“It really hasn’t taken off yet in the UK,” says Lomas, “but I imagine it will, and intranet sites and the internet will be very much how it will work.”
But how might this affect advisers? “Smaller firms cannot afford to have someone dedicated to researching the market to find the right products,” insists Lomas. “These are the very people who will be wanting the services of an independent specialist to sort it all out. In that sense it will be business as usual, because that’s what IFAs do and that’s what IFAs are good at.”
This can be an opportunity for any adviser who can be an integral part of setting up such a scheme, but IFAs will need to choose providers not only for products but also for e-commerce expertise. There will be ongoing administration issues as business builds and it becomes the norm for employers to set up such work sites. Also, if the increased cost of employer subsidised pensions pushes other employee benefits aside then this can redress the balance, bringing the entire range of financial services direct to the company site.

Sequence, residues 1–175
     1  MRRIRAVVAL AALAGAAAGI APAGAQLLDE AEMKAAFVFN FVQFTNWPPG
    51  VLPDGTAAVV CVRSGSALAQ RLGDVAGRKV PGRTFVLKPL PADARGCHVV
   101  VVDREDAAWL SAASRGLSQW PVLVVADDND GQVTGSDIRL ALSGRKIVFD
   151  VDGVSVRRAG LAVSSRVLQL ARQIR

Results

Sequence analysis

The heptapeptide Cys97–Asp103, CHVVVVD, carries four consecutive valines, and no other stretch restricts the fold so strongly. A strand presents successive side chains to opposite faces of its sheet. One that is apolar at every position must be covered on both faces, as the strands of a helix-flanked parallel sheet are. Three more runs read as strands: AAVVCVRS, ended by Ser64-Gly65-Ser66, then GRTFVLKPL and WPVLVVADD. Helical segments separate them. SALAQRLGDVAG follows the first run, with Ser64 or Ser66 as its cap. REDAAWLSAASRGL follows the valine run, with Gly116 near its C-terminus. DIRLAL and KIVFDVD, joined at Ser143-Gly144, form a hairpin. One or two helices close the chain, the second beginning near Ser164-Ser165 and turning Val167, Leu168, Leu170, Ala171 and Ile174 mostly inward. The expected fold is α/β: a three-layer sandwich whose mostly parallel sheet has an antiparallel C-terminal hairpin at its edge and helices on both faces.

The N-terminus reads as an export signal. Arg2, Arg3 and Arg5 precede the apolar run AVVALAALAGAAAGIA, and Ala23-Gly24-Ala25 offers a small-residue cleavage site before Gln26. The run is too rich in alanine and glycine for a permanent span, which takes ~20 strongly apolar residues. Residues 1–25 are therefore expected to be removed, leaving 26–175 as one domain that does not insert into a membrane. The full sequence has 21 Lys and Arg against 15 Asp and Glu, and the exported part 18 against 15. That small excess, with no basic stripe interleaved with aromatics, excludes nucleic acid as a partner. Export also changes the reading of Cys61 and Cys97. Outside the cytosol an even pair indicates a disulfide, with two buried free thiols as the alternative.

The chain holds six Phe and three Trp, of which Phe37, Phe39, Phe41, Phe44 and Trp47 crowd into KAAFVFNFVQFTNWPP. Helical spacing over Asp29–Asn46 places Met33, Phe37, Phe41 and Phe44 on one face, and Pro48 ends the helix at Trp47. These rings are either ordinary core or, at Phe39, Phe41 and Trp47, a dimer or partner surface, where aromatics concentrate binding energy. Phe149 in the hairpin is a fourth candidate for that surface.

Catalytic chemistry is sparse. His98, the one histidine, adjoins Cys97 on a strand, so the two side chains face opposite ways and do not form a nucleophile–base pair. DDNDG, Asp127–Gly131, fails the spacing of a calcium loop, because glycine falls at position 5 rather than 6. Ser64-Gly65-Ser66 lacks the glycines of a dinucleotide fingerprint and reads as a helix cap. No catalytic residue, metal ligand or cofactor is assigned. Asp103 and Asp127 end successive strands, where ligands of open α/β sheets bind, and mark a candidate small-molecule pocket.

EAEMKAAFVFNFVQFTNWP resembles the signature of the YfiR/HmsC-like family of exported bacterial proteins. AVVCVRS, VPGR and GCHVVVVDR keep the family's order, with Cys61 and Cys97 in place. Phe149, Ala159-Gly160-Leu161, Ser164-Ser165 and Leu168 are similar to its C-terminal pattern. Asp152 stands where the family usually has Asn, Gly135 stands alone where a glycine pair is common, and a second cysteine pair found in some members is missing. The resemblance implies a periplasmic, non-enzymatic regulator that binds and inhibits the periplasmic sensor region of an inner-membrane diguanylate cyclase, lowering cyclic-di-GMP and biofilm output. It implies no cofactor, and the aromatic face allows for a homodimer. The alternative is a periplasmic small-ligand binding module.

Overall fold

Far from seeing this as a threat to the IFA market, pro-active advisers could grow with the market. IFAs offer advice, not just products, and that doesn’t change just because information lines open up. In fact, as information increases so the confusion builds, which is where IFAs prove their worth, assessing need, assessing products and matching the two.
Stakeholder may seem some distance away, and worksite marketing even further, but they will both arrive soon and it is best to have plans ready. It is difficult to imagine a better invitation to visit those employers who have, until now, been averse to the idea of employee benefits. After all, increased access should work for everyone.